The game was at Harvard Stadium, which is a sort of concrete amphitheatre. The whole area is very pretty to walk through, particularly with all the trees blossoming in spring.

Harvard Stadium, a concrete amphitheatre

Boston was founded in the 17th century, making it one of the oldest cities in the USA. It’s got lots of historic old buildings in it. Coming from Europe, it’s odd to see really historic founding-of-the-nation buildings made of red brick and it’s also odd to see them nestled among towering skyscrapers.

Small brick building (Boston's Old State House) surrounded by glass skyscrapers

We were told a couple of times that Boston is ‘about as English as the US gets’. I imagine that’s true, with the red brick and the New England bit and the War of Independence museums (oh wait…). It’s certainly a very walkable city, with good public transport. With a compact city centre and plenty to see from the street, it is more like London than San Diego.

One of the sights I remember is the Make Way for Ducklings statue in the Boston Public Garden (right next to Boston Common). We had to go check it out, and found a pretty good veggie burger at Uburger on the way.

The Make Way for Ducklings statue: a brass mother duck followed by a line of brass ducklings

The ducklings heads are all shiny because every toddler that comes past pets them and/or sits on them. Super cute.

We did explore a few other museums, including the Mapparium and the MIT Museum, but K has covered those, so I’ll move on! K’s other post on Boston is here: Boston Days 1-2.

The Day of the Jackal by Frederick Forsyth

The Day of the Jackal by Frederick Forsyth

While we’re travelling, I’m reading less and also trying to read more books set in the area where I am, so #109 The Day Of The Jackal by Frederick Fosyth is probably the last Big Read book I’ll read for a while.

Published in 1971, and set in the early ’60s, The Day of the Jackal is a thriller. A sinister group want to overthrow the French government, and to do so they’re going to hire The Jackal, an expert assassin.

A matter of style
Jackal is a classic airport thriller. It’s fairly chunky (358 pages) but not so thick as to be intimidating. It’s a very detailed fantasy, a careful working out of a fictitious political drama. It’s also a police procedural, as the main body of the story follows a detective who has been tasked with tracking down the killer.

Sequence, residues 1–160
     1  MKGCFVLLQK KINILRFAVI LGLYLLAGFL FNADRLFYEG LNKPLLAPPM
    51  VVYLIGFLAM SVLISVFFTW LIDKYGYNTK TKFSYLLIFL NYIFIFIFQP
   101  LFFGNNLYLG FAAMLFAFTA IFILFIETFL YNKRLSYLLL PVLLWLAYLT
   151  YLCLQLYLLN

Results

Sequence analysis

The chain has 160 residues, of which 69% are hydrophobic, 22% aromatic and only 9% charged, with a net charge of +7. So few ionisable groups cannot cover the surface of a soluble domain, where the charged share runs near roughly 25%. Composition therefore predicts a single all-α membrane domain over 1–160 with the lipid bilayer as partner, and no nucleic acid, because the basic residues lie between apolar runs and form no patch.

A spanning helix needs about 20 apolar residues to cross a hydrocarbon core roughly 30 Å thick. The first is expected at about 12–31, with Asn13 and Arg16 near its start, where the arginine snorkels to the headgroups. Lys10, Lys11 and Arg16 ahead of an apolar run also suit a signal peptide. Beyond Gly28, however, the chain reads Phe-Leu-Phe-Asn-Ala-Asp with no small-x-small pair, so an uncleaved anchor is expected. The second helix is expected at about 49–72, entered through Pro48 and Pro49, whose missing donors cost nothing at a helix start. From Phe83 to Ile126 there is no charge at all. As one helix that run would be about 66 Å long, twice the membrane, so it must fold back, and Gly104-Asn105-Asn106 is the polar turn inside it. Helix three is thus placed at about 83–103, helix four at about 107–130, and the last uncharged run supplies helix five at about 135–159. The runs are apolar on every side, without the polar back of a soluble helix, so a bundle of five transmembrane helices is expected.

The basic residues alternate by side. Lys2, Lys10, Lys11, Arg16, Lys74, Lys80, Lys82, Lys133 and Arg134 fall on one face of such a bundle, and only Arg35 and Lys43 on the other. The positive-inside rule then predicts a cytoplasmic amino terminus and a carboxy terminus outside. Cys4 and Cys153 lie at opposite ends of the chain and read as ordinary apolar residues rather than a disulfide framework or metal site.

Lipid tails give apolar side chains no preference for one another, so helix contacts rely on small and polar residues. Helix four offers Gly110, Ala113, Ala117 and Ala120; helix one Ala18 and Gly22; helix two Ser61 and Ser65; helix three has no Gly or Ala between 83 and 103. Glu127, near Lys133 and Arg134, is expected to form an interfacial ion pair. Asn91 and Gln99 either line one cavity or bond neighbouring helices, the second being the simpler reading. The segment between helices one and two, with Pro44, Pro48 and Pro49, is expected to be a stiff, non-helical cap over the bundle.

The novel is divided into three sections: ‘Anatomy of a plot’, ‘Anatomy of a manhunt’ and ‘Anatomy of a kill’. The sections get shorter and shorter as the tension picks up. The novel shows both sides of the chase, what the plotters are planning first, then when the police get wind of it and start to hunt them down, and then how it all unravels. It’s easy to read and rattles along pretty well. I did get bogged down in the descriptions of the weapons and some of the details of the work on both sides.

Fact or fiction?
Set in France in the 1960s, Jackal features both real people and fictional characters. And they interact. I don’t like this. It sets my teeth on edge, and I spent the entire book trying to figure out which bits were real and which were fiction. I imagine that the audience at the time would have had less trouble.

Also, as the book was set several years before it was written, and is based around a plot to assassinate a real person, early readers would definitely have known the outcome before the book opened. In case later readers are in any doubt, Forsyth drops a spoiler in part way through. I feel this removes a lot of the tension. If you’re reading this book, it’s not to find out whether the assassination plot succeeds or fails, but to watch it unfold. And that, unfortunately, dragged. Perhaps it’s just a little dated. I did find it interesting watching the police struggle without the instantaneous communications and large databases we now take for granted, but that was about it.

I’ve decided to try to read and review all 200 books on the BBC Big Read list. You can read more about the start of the project or see a list of all the books I’ve read and reviewed.

Beer in Iceland

Beer in Iceland